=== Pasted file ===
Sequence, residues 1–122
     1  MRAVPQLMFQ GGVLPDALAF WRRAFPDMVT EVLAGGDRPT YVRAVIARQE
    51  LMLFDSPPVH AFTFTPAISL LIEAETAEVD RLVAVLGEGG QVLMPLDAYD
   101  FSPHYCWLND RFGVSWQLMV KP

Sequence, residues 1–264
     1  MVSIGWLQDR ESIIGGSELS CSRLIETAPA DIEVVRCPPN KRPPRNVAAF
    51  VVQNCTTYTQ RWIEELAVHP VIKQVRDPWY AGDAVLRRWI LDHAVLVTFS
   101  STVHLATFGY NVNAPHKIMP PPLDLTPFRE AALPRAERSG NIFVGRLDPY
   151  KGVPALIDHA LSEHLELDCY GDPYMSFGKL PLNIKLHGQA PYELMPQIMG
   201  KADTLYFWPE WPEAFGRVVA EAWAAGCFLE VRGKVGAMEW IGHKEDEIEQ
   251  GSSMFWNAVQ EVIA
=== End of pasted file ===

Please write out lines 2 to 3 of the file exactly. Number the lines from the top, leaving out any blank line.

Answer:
     1  MRAVPQLMFQ GGVLPDALAF WRRAFPDMVT EVLAGGDRPT YVRAVIARQE
    51  LMLFDSPPVH AFTFTPAISL LIEAETAEVD RLVAVLGEGG QVLMPLDAYD